The Snapshots feature in the donationware SWS Extensions adds simple and very useful mix functionality to Reaper.
The SWS Extensions from Standing Water Studios add an impressive number of workflow and productivity features to Reaper. If you haven't already done so, I'd definitely encourage you to download the donationware SWS Extensions (which come with a free PDF manual) from www.standingwaterstudios.com and follow the installation instructions. Otherwise you'll be missing out on great features that include automatic track/item colouring, marker and region management, a command console and mixer snapshots! For me, the best of this very good bunch is the snapshots feature, so in this article I'll focus on just two of its many uses: to save and recall complete mixes at the click of a mouse; and to save and recall different specific mix elements only for currently selected tracks. This capability is often overlooked or not understood, especially by novice users.
SWS Snapshots are accessed by choosing the View / SWS Snapshots command from Reaper's main window. This opens the window shown above. If, when you open the window, the various options on the right are not visible, click on the Show Options button to display them.
The many options and commands are all explained in detail in the official SWS manual. For now I'll focus on those that we need to understand and use for the two purposes I mentioned above.
The New button (top right) is used to create and save a new snapshot. Immediately below this there is a set of three mutually exclusive radio buttons, labelled Full Track Mix, Current Visibility and Custom.
When the Full Track Mix option is enabled, many of the tick boxes (Pan, Volume, Mute, Solo, FX Chain and Sends) will be dimmed and therefore unavailable to you. This is just as intended: it means that all six of these mix elements will be saved with your mixer snapshots.
When the Custom option is enabled, all of these tick boxes are made available. This enables you to select which mix elements you wish to save into your snapshots. For example, you might want to save only the volume settings, or the volume and pan, or only the effects chains.
The other important option you need to understand is the Selected Tracks Only option. When this is disabled, clicking the 'New' button will create a new snapshot of the current settings for all of the tracks in your project. When it is enabled, the snapshot will be created only for those tracks (tracks, not items!) that you have currently selected in Reaper's Track Control Panel.
Let's now look at some real examples. Download the sample file 'Reaperaudio.zip' from /sos/aug11/articles/reaperaudio.htm. You will now have two Reaper project files, with their common media files, in one directory.
You will be prompted to enter a name for your mix. Type a name, such as 'Original Mix', and press Enter. Save the project file (snapshot information is saved into the .RPP file). You will now find that you can make any changes you like to your various track settings, such as panning, volume, mute, solo and effects, and that clicking once on the text 'Original Mix' in the snapshot window will restore all of these track settings to exactly the same state as when you saved the mix.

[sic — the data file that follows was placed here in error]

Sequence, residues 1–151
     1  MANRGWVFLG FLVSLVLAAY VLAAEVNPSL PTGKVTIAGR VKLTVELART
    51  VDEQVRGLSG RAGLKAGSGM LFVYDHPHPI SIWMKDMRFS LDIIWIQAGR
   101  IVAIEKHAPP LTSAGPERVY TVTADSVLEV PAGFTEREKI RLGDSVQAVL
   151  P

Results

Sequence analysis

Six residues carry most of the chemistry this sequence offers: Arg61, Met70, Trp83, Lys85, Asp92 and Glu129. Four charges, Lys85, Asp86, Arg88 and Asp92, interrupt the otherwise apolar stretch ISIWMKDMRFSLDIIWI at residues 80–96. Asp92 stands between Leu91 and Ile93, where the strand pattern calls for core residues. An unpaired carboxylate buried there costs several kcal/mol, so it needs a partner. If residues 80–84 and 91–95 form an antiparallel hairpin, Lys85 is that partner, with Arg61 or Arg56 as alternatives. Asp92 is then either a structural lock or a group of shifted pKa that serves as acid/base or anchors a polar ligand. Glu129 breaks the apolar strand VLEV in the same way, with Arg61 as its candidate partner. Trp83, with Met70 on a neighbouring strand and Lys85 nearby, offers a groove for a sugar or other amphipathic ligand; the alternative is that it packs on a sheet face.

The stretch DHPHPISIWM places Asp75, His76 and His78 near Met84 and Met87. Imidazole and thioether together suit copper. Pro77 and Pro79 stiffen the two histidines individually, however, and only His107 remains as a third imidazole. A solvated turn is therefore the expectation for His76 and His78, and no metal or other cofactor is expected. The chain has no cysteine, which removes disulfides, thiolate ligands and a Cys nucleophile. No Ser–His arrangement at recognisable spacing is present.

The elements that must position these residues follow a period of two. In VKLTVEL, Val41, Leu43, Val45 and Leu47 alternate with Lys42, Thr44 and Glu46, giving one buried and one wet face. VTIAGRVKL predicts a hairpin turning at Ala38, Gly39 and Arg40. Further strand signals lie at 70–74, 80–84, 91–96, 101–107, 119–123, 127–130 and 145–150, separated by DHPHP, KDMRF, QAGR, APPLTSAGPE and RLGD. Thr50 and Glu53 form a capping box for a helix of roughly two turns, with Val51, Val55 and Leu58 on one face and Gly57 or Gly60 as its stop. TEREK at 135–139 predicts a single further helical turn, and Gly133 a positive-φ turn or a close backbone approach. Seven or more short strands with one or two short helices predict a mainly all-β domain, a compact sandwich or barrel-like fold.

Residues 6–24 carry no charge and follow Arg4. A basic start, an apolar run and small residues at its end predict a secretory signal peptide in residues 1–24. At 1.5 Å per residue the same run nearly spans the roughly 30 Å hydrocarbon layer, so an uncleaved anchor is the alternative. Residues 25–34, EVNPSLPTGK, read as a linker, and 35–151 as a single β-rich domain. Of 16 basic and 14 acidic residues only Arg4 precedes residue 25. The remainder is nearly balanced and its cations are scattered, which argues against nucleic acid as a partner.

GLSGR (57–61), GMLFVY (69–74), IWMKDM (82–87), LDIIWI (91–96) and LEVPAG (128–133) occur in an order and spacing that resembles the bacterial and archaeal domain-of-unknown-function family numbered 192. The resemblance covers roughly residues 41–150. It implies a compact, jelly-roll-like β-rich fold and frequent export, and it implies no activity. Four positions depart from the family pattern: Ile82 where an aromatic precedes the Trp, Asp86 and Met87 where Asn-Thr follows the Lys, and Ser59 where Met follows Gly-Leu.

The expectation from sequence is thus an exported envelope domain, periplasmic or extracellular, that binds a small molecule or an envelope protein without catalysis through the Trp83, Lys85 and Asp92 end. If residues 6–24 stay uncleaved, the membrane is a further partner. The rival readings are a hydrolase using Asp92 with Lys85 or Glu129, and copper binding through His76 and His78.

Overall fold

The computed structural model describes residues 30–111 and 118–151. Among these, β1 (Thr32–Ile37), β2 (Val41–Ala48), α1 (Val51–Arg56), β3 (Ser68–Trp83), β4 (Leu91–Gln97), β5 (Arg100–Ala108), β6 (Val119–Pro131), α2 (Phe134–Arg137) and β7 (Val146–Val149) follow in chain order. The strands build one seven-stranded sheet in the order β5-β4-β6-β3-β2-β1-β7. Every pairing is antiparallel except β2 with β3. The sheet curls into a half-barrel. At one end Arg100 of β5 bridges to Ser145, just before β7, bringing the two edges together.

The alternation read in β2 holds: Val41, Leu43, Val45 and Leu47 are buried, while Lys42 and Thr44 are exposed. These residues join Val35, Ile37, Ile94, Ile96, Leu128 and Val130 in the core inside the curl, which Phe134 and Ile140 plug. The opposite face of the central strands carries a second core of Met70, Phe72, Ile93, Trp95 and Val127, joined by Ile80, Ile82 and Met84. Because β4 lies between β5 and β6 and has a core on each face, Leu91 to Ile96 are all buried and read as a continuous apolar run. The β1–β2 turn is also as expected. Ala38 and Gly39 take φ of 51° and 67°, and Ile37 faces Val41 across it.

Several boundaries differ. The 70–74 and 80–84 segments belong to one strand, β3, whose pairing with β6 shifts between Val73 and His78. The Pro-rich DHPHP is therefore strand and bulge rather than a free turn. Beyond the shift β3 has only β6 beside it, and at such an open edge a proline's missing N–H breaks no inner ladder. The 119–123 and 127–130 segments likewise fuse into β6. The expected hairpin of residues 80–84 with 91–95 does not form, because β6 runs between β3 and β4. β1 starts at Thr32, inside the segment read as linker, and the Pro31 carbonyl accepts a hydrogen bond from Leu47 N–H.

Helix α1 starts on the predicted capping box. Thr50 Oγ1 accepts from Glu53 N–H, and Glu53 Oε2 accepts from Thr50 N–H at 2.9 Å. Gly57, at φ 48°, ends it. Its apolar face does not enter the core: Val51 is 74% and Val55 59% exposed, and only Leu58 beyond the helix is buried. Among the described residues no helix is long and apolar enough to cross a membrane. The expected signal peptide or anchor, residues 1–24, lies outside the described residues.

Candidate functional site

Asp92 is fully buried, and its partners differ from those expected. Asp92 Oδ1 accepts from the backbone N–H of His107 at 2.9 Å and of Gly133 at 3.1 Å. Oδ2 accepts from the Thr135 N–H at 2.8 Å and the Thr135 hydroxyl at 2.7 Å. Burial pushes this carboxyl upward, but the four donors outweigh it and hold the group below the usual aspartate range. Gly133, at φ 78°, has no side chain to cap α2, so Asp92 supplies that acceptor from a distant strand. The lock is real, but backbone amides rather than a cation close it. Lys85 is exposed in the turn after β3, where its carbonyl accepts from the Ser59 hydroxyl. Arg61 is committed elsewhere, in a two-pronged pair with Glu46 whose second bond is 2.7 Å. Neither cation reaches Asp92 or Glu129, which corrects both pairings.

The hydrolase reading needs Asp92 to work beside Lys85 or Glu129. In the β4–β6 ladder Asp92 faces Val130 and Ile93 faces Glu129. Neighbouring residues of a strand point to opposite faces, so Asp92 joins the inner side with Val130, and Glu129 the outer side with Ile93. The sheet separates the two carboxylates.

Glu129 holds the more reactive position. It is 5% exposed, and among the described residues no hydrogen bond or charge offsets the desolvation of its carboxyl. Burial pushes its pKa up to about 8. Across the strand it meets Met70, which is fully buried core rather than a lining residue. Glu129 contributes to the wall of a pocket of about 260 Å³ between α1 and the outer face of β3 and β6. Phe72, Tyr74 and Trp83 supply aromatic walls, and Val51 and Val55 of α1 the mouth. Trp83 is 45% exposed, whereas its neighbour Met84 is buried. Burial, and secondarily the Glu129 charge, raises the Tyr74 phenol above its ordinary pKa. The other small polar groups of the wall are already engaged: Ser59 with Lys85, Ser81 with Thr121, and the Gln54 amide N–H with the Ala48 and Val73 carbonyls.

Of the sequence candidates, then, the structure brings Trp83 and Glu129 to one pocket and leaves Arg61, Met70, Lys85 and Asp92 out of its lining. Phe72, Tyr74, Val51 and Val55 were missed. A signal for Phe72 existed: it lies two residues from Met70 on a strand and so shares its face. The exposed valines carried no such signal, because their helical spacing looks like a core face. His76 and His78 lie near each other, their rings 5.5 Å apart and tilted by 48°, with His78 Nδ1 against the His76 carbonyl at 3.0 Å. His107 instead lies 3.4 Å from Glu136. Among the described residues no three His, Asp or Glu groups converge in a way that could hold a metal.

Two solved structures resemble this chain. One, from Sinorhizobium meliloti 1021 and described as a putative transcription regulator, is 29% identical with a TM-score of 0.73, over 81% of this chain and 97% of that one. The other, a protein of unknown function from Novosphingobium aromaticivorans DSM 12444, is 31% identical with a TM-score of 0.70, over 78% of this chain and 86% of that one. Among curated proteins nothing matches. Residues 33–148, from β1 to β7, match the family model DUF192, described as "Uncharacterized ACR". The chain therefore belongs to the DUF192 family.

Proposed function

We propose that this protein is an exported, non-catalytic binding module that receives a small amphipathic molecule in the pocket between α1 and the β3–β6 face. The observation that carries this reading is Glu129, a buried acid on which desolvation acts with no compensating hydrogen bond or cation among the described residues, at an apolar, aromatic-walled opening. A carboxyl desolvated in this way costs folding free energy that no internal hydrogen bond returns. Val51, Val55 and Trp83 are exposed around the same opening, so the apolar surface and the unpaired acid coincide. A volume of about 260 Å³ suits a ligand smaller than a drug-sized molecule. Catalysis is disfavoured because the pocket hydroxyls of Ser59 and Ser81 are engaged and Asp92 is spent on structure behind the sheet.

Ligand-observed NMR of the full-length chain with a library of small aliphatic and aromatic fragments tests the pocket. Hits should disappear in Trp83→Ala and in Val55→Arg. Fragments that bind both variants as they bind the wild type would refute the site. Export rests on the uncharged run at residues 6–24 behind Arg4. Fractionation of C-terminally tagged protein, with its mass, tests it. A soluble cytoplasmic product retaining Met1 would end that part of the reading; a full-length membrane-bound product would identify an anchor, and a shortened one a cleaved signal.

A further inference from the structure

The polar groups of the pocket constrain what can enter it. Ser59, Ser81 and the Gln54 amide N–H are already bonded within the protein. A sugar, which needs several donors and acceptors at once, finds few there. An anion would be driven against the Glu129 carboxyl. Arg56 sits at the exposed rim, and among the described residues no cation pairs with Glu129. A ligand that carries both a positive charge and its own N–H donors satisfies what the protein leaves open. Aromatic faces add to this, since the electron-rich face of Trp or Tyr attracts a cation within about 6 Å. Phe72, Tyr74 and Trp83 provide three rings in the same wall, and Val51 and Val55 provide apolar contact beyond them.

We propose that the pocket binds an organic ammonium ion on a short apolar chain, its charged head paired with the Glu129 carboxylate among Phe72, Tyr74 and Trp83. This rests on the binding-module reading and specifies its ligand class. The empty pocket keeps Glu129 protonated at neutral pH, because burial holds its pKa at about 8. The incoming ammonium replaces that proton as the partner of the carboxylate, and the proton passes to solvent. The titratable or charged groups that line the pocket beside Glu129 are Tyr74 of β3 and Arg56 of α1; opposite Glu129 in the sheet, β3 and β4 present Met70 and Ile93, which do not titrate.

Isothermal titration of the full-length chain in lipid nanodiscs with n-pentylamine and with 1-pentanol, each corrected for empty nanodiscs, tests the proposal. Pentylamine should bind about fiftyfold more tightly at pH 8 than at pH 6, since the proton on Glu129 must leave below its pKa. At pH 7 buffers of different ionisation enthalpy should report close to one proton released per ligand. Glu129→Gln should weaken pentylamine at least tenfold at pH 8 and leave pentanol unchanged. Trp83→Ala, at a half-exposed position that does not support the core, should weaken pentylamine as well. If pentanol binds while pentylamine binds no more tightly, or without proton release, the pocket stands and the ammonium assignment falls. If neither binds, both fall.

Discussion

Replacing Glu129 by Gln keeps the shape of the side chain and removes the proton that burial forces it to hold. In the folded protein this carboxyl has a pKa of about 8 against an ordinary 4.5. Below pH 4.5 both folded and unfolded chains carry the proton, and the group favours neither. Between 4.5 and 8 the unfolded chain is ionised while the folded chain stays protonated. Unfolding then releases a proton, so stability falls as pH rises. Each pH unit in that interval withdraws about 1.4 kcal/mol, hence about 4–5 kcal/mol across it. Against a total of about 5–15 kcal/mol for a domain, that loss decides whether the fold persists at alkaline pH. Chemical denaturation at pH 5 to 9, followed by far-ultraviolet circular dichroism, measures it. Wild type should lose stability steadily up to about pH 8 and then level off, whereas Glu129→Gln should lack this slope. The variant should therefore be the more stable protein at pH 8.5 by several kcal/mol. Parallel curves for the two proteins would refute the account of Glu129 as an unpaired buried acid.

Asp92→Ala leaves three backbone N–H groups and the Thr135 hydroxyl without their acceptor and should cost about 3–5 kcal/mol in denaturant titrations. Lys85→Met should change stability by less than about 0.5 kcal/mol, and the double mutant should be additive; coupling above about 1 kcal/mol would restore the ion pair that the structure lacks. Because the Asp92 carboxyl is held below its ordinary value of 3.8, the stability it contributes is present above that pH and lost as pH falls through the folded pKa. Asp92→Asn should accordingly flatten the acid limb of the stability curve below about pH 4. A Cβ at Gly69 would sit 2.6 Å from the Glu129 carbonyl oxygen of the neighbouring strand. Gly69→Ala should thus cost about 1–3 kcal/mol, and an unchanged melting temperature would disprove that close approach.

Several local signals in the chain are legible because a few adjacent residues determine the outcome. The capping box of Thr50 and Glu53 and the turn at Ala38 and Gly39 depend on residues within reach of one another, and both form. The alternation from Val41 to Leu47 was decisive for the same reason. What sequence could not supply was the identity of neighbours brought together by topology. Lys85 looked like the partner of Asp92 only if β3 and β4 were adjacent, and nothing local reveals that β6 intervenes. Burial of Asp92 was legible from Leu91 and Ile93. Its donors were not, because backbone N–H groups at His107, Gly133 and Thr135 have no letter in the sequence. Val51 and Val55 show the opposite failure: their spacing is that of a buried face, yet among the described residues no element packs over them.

Let's now suppose that you'd like to create a second mix, so that you can compare this with the current mix:
You can now play the song, switching between mixes with a single click. You should be able to hear the difference quite clearly. You should also notice not only that ReaComp appears and disappears from the FX Busses folder as you switch between mixes, but that even when you select your second mix, the effects chain for this bus is displayed.
As you listen to your snapshots, you can save any changes you make to them by holding the Control key while you click on the snapshot name in the snapshot window. Be careful to click on the right one!
A cautionary note: on some systems, you may find that switching between snapshots while playing a project can sometimes crash Reaper. If this happens to you, remember to simply stop or pause playback before you change snapshots.
Now we're going to try something a little different: creating alternative vocal chains that can be plugged into either of our main mixes, again with just a single click. First, create a snapshot of the current vocal mix settings.
Now, to create your alternate vocal mix, use the same Snapshot window settings as in the last example and continue as follows:
You can now play back the project, listening to either of the main mixes (mixes one and two) in conjunction with either of your vocal mixes (mixes three and four). In each case, select first one of your main mixes, then one of your vocal mixes.
The sample project file 'BluesMixDone.RPP' includes all of the sample snapshots I've detailed in this article and a few more, including three possible vocal mixes and two percussion mixes. You can experiment with listening to some of the various permutations available. When you find a combination you like, you can create a new snapshot of your preferred mix. Simply make sure that you have 'Full Track Mix' selected and 'Selected Tracks Only' deselected before you click on the 'New' button to create your new snapshot.
I hope this article will have given you some insight into just how useful the SWS Snapshots feature can be. There's a lot more to Snapshots than there is room to explain here! If you right-click over any snapshot name you'll see a whole menu of options. These facilities are all explained in detail in the SWS Extensions manual, but there's just enough space left here to briefly explain some of the options available to you:
Now that you know how the SWS Snapshots work and how to use them, the rest is up to you!